Beyond the Status Quo’s Grasp

Attached, below, is an insightful video interview from The Economist’s “Tea with The Economist” series.  The gentleman featured in this interview, Vijay Govindarajan, struck many resonating cords with me concerning two topics: Innovation Implementation and The Economy of Smalls.

First, implementation is usually the catalyst that causes many organizational innovations to not succeed.  Creating a new idea or “cool tool” is relatively easy.  There are many cost-effective, efficient or cutting-edge ideas born out of concept meetings, think-tanks and the like.  However, executing or getting that concept in place for full operation – implementation – is where  the difficult work, diligent commitment and organizational mettle are tested.  I feel the primary factors that stifle implementation, which directly and negatively impact innovation, are fear and lack of senior executive support.  Complacency is a corollary to stifled innovation as, I feel, personnel who become comfortable in their basic tasks believe they have contributed enough to the organization.  This happens because of a lack of direct supervisory leadership coupled with fear of disturbing the status quo – the fear of change.

Next, the Economy of Smalls.  Basically, this is a business concept that states more good, increased market penetration and increased profits are realized when larger populations of less affluent groups, or economies of scale, are the business focus.  A primary example is the growing market of micro loans.  A mirco-lender can reach more borrowers by offering smaller loans (from $500 to $2000) at low-interest rates than the traditional lender who markets to the affluent few who apply for loans ten-times – or more – larger.  The smaller loan default rate is relatively low, more businesses are created, more products are sold, more wealth is incurred, more people apply for loans, and then the cycle repeats itself.  The speaker in this video offers cogent examples how this concept has been successful.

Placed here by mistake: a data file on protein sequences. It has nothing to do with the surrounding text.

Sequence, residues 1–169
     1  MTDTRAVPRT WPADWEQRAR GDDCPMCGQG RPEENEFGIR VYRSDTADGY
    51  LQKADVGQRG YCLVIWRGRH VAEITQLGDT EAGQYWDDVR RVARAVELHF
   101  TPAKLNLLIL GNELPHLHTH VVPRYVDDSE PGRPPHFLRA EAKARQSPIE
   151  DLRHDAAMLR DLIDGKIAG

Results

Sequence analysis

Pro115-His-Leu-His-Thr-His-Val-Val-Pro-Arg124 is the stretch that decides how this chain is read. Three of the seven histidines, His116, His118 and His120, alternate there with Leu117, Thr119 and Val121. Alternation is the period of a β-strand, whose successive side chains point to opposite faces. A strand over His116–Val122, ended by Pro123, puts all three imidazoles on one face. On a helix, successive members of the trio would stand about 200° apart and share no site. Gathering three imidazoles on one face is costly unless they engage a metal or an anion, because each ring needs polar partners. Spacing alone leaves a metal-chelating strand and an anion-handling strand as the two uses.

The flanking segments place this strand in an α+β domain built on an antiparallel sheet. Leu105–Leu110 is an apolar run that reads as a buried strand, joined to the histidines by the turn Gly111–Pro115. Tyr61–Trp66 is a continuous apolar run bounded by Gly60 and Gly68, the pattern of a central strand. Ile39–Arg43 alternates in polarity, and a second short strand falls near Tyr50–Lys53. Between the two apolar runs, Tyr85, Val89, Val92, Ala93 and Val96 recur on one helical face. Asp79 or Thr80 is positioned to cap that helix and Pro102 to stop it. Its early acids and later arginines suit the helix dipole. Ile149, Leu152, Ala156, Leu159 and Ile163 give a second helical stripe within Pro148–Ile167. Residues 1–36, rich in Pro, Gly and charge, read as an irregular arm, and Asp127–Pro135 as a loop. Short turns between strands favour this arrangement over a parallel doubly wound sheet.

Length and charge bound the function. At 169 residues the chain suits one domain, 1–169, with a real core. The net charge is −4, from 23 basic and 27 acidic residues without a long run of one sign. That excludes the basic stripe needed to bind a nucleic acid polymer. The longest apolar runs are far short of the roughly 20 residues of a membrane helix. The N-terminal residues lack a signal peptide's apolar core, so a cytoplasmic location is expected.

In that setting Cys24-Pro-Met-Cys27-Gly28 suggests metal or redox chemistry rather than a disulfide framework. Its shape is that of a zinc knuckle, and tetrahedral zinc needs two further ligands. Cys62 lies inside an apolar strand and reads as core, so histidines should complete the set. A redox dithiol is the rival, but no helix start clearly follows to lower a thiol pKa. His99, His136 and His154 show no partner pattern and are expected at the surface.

Global, cultural, organizational and societal benefits are numerous when traditional, antiquated concepts – along with fear – are dispensed.  Strength, viability and growth are achieved when one strives to reach beyond the status quo’s grasp.

http://economist.feedroom.com/?fr_story=22c08c8a42d17bfcbd578ecd47422cbeab337d64&rf=podcast

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